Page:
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Burke trail

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Photo of a place on Burke trail

The small settlement of Burketown is located on the Albert River which connects to the Gulf of Carpentaria. It has a fascinating history.

The region was explored in 1841 by John Lort Stokes aboard HMS ‘Beagle’. (The ‘Beagle’ is better known as the ship that carried geologist Charles Darwin to South America, New Zealand and Sydney between 1831 and 1836. His observations formed the nucleus of his theory of evolution.) Stokes named the region the ‘Plains of Promise’ because of its grazing potential. In 1861, William Landsborough, in search of Burke and Wills, anchored the small brig Firefly in the Albert River. The town of Burketown was later established nearby. Burketown was established in 1865, with Landsborough as Police Magistrate and Commissioner for Crown Lands. When Queensland was proclaimed in 1859, its western border was gazetted at the 141st meridian. The border was extended to the 138th meridian in 1862 to include the ‘Plains of Promise’.

The Edkins brothers built a boiling down works in 1866, and by 1867 they had perfected a beef curing technique which allowed for beef to be exported via the ‘port of Burketown’, with its jetty on the Albert River.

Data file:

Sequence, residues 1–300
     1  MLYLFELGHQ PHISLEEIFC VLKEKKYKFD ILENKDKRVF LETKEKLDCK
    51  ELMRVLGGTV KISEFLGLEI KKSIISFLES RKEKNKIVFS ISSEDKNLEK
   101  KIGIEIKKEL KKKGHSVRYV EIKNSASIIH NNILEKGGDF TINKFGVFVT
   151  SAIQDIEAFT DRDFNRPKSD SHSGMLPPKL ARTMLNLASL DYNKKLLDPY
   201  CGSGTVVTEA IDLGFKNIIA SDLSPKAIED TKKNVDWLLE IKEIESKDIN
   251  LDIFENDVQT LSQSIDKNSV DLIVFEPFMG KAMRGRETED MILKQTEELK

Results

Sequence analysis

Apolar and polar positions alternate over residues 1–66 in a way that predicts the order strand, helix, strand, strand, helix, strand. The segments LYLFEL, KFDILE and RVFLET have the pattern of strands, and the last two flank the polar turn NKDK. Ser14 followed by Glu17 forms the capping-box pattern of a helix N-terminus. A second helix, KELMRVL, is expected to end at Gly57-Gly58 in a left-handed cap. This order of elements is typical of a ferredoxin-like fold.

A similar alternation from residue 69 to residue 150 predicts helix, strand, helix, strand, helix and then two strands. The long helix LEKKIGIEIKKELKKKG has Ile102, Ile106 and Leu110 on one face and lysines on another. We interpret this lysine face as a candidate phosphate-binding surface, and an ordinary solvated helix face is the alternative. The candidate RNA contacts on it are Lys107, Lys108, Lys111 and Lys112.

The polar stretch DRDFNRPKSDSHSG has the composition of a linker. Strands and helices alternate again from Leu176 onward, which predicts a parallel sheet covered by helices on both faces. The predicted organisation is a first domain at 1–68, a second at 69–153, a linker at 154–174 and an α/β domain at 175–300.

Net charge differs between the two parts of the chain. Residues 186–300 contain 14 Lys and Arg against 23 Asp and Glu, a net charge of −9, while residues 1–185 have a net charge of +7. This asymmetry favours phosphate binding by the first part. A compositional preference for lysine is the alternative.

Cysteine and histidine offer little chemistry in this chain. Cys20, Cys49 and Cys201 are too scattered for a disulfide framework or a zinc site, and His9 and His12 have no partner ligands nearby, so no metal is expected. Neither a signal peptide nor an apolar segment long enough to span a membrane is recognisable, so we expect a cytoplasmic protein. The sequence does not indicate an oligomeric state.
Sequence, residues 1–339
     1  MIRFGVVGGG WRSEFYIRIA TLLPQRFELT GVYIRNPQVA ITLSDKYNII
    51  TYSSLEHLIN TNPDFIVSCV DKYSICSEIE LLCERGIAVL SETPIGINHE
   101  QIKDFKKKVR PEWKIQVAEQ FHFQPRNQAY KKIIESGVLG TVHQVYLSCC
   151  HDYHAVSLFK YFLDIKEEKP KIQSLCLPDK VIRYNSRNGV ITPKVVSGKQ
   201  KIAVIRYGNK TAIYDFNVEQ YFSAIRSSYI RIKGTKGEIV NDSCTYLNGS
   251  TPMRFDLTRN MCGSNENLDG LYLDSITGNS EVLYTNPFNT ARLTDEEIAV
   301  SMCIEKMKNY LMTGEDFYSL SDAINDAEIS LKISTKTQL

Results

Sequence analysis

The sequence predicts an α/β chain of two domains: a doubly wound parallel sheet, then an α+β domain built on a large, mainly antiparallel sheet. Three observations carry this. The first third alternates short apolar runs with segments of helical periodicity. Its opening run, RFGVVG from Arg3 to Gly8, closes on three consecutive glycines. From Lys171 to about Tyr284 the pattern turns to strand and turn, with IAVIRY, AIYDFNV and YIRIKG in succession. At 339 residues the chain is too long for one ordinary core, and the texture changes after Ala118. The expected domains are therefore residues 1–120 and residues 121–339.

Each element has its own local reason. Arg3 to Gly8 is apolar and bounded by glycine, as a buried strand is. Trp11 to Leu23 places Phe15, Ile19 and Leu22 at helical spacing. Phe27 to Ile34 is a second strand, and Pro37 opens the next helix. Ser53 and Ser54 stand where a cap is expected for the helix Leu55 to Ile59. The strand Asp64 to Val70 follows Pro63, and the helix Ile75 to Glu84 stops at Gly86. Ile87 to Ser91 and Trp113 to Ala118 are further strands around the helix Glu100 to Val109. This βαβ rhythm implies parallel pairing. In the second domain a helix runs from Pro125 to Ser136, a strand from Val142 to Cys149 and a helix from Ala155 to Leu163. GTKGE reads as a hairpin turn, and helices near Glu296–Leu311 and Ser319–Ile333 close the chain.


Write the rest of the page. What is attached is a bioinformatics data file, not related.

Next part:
During 1866, Burketown residents were struck down with a mystery fever, thought to be typhoid. Many moved to nearby Sweers Island. Burketown declined and Normanton became a port in 1868.

Burketown’s cattle industry was revived in the mid-1870s when it supplied meat to the Palmer River goldfields. By 1884, the district reportedly grazed 400,000 head of cattle. The remnants of the 1882 ‘Westmoreland’ homestead, once part of a large grazing run, remain near the Northern Territory border.

Burketown was resurveyed in 1884, in the expectation of the international telegraph line passing through. Public services were reinstated and a new local government formed: the Burke Divisional Board. Eventually, the international telegraph contract went to South Australia, and Burketown had to be content with a Queensland telegraph line, which arrived via Normanton in October 1886.

In 1884, Burketown had a mixed population of Europeans, Chinese, Malays and Aboriginals. There were three hotels, a cordial manufacturer, a chemist, a Chinese-operated bakery and butchery, a Burns Philp’s store, a police magistrate and five officers. A branch of the Queensland National Bank opened in 1885. The town was devastated by a cyclone in March 1887 which unroofed the new post and telegraph office and damaged every building in town, apart from the Customs House and Police Barracks.

A new meatworks was established in 1892. The Federation drought caused its closure in 1903. The railway to Cloncurry was completed in 1907 and once the seasons improved, cattle could be railed to the Townsville meatworks. Burketown remained an operational port and a new customs house was built in 1902. This was closed in the early 20th century and converted into a pub in the 1950s. The post office was relocated and now serves as the local tourism office.

About 200km to the south-west of Burketown is the Boodjamull (Lawn Hill) National Park, which includes the beautiful Lawn Hill Gorge and World Heritage listed Riversleigh Fossil Field.


Listing 3 places within this trail.

Creative Commons Attribution 4.0 International (CC BY 4.0)
Last reviewed
1 July 2022
Last updated
28 February 2023